Wednesday, September 2, 2009

When Bar Drinks are Cheaper, College Students Drink More

When college-town bars offer special prices on drinks, the result is an increase in drunk college students. That's the conclusion of recent research, and it didn't come from the "Univeristy of DUH!"

Alcohol researchers from the University of Florida and San Diego State University decided to study the relationship between drink specials and the quantity of alcohol consumed. According to the New York Times' Tara Parker-Pope, they were spurred by long-time claims from bar owners that special drink prices attract more people to the bar, but don't result in people drinking more.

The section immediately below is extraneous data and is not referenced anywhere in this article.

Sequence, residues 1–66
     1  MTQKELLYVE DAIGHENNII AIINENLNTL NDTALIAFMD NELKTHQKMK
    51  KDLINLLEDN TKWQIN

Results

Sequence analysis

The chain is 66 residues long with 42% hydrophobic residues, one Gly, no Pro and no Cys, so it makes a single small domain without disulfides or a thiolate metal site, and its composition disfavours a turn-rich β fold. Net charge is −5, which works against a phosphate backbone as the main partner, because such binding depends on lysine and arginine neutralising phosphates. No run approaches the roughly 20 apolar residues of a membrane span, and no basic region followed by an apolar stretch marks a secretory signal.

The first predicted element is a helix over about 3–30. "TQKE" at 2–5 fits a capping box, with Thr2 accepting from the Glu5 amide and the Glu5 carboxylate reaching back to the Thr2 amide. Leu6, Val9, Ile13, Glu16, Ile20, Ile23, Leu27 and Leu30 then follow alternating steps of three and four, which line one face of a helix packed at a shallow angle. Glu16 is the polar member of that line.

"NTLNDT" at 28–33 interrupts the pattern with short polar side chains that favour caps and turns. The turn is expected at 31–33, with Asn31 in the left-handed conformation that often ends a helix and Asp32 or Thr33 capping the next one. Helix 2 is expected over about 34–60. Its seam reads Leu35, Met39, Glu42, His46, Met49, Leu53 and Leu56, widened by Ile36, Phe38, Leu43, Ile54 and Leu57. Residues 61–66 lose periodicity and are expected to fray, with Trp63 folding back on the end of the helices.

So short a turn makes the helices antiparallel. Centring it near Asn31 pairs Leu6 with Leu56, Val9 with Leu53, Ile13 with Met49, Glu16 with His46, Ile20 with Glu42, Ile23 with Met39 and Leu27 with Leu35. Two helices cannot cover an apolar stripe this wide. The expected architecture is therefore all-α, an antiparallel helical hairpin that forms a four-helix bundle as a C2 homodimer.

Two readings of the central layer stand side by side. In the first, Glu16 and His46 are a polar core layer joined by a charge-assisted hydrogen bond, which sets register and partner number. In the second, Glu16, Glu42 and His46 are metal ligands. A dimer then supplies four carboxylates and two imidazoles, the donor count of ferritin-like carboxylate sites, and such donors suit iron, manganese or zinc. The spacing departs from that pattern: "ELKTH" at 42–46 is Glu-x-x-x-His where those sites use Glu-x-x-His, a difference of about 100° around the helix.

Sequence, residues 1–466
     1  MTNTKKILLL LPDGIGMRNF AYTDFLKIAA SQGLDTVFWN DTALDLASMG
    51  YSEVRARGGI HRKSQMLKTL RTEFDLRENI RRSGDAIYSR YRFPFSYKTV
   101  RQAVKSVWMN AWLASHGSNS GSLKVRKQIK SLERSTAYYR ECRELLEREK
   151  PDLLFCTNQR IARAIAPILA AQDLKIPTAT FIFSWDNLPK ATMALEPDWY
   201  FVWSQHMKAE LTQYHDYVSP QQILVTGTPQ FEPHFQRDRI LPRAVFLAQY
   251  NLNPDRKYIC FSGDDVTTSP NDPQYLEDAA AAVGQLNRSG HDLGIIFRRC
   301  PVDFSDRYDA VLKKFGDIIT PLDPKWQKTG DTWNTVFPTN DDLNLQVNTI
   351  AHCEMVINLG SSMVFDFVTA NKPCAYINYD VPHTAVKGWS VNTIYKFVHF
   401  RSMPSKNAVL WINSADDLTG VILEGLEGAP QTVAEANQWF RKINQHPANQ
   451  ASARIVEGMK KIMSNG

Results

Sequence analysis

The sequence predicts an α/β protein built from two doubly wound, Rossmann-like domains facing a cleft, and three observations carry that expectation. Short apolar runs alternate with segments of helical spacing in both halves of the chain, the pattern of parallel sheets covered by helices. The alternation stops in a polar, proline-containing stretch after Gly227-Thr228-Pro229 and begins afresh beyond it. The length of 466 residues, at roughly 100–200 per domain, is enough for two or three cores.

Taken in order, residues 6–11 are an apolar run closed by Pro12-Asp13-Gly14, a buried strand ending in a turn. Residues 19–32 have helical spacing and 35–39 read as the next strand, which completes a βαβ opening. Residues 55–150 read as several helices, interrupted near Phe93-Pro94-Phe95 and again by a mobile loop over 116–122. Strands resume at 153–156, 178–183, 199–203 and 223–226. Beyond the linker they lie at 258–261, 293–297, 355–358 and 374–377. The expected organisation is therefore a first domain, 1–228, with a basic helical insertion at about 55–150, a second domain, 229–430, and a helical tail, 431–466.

The researchers collectied data on 495 men and 309 women leaving seven bars near a university campus. The bar patrons were given breath alcohol concentration tests and also told researchers what they drank and spent during their time at the bar. For every $1.40 hike in drink price, the bar goer was 30 percent less likely to leave the bar legally drunk.

The findings will be published in the November issue of Alcoholism: Clinical and Experimental Research.

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